CG&D
HOME HELP FEEDBACK SUBSCRIPTIONS ARCHIVE SEARCH TABLE OF CONTENTS
Cancer Research Clinical Cancer Research
Cancer Epidemiology Biomarkers & Prevention Molecular Cancer Therapeutics
Molecular Cancer Research Cell Growth & Differentiation

This Article
Right arrow Full Text
Right arrow Full Text (PDF)
Right arrow Alert me when this article is cited
Right arrow Alert me if a correction is posted
Services
Right arrow Similar articles in this journal
Right arrow Similar articles in PubMed
Right arrow Alert me to new issues of the journal
Right arrow Download to citation manager
Right arrow
Citing Articles
Right arrow Citing Articles via HighWire
Right arrow Citing Articles via Google Scholar
Google Scholar
Right arrow Articles by Athanassiou, M.
Right arrow Articles by Mikheev, A. M.
Right arrow Search for Related Content
PubMed
Right arrow PubMed Citation
Right arrow Articles by Athanassiou, M.
Right arrow Articles by Mikheev, A. M.
Cell Growth & Differentiation Vol. 10, 729-737, November 1999
© 1999 American Association for Cancer Research


Articles

Stabilization and Reactivation of the p53 Tumor Suppressor Protein in Nontumorigenic Revertants of HeLa Cervical Cancer Cells1

Maria Athanassiou2, Yanwen Hu, Lichen Jing, Benoit Houle3, Helmut Zarbl and Andrei M. Mikheev2,, 4

Program in Cancer Biology, Division of Public Health, Fred Hutchinson Cancer Research Center, Seattle, Washington 98104-2092 [M. A., L. J., B. H., H. Z., A. M. M.], and Division of Toxicology and Center for Environmental Health Sciences, Massachusetts Institute of Technology, Cambridge, Massachusetts 02139 [M. A., Y. H., B. H., H. Z., A. M. M.]

Abstract

We demonstrated previously that loss of in vitro transformation and in vivo tumorigenicity in two independent revertant clones of HeLa cells (designated HA and HF) resulted from dominant-acting genetic changes. Analysis of the p53 tumor suppressor gene revealed stabilization and at least partial restoration of wild-type p53 transactivation properties pathways in both revertants of HPV-induced cell transformation. The half-lives of the p53 protein and both of the HA and HF clones were increased {approx}4 fold compared with the parental HeLa cells (16, 17, and 4 min, respectively). The levels of E6 viral protein expression were similar in the three cell lines, whereas the levels of the ubiquitin ligase protein, E6 associated protein (E6-AP), were elevated in the revertants. Western blot analysis of immunoaffinity-purified p53 demonstrated that stabilization of p53 in the revertants was correlated with a reduction in the in vivo formation of complexes involving the E6 oncoprotein and p53. Stabilization of p53 function in the revertants did not result from mutations in either the p53 or E6-AP genes. Despite the observed stabilization and restoration of p53 transactivation function in the revertants, exposure of the revertants to DNA-damaging agents did not result in elevated levels of p21waf-1 protein and failed to induce growth arrest in the G1 phase of the cell cycle. However, p53-independent induction of p21waf-1 protein also failed to induce the G1 phase of the cell cycle. Thus, restoration of wild-type p53 transactivation activity in the HA and HF revertants is insufficient to induce G1 arrest and reversion from HPV-induced cell transformation in our model system.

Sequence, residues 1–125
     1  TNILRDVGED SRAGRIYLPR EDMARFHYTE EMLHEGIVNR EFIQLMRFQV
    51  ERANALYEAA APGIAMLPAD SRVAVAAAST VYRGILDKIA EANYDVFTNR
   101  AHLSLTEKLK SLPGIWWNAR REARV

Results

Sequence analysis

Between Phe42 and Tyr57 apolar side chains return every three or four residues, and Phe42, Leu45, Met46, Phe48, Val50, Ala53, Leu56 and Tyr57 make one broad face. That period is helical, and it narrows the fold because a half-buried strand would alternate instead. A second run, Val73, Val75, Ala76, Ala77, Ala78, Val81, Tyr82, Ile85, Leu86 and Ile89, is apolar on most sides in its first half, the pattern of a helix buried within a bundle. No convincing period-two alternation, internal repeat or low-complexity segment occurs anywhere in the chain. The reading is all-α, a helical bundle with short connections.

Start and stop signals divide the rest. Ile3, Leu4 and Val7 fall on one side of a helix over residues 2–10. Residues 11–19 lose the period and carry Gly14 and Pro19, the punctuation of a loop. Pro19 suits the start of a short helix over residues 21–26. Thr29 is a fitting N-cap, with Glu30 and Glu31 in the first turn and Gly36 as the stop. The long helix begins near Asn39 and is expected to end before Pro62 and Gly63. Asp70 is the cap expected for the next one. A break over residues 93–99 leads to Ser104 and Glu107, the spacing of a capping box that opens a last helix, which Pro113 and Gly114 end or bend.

This article has been cited by other articles:


Home page
J. Virol.Home page
R. L. Turner, P. Groitl, T. Dobner, and D. A. Ornelles
Adenovirus Replaces Mitotic Checkpoint Controls
J. Virol., May 1, 2015; 89(9): 5083 - 5096.
[Abstract] [Full Text] [PDF]


Home page
Mol Cancer ResHome page
T. Zhang, P. Wang, H. Ren, J. Fan, and G. Wang
NGFI-B Nuclear Orphan Receptor Nurr1 Interacts with p53 and Suppresses Its Transcriptional Activity
Mol. Cancer Res., August 1, 2009; 7(8): 1408 - 1415.
[Abstract] [Full Text] [PDF]


Home page
Mol. Cell. Biol.Home page
O. I. Koues, R. K. Dudley, A. D. Truax, D. Gerhardt, K. P. Bhat, S. McNeal, and S. F. Greer
Regulation of Acetylation at the Major Histocompatibility Complex Class II Proximal Promoter by the 19S Proteasomal ATPase Sug1
Mol. Cell. Biol., October 1, 2008; 28(19): 5837 - 5850.
[Abstract] [Full Text] [PDF]


Home page
Cancer Res.Home page
N. Ke, G. Claassen, D.-H. Yu, A. Albers, W. Fan, P. Tan, M. Grifman, X. Hu, K. DeFife, V. Nguy, et al.
Nuclear Hormone Receptor NR4A2 Is Involved in Cell Transformation and Apoptosis
Cancer Res., November 15, 2004; 64(22): 8208 - 8212.
[Abstract] [Full Text] [PDF]


Home page
Cancer Res.Home page
S. Takahashi, S. Saito, N. Ohtani, and T. Sakai
Involvement of the Oct-1 Regulatory Element of the gadd45 Promoter in the p53-independent Response to Ultraviolet Irradiation
Cancer Res., February 1, 2001; 61(3): 1187 - 1195.
[Abstract] [Full Text] [PDF]


Home page
Clin. Cancer Res.Home page
T. Itoshima, T. Fujiwara, T. Waku, J. Shao, M. Kataoka, W. G. Yarbrough, T.-J. Liu, J. A. Roth, N. Tanaka, and M. Kodama
Induction of Apoptosis in Human Esophageal Cancer Cells by Sequential Transfer of the Wild-Type p53 and E2F-1 Genes: Involvement of p53 Accumulation via ARF-mediated MDM2 Down-Regulation
Clin. Cancer Res., July 1, 2000; 6(7): 2851 - 2859.
[Abstract] [Full Text]




HOME HELP FEEDBACK SUBSCRIPTIONS ARCHIVE SEARCH TABLE OF CONTENTS
Cancer Research Clinical Cancer Research
Cancer Epidemiology Biomarkers & Prevention Molecular Cancer Therapeutics
Molecular Cancer Research Cell Growth & Differentiation
Copyright © 1999 by the American Association of Cancer Research.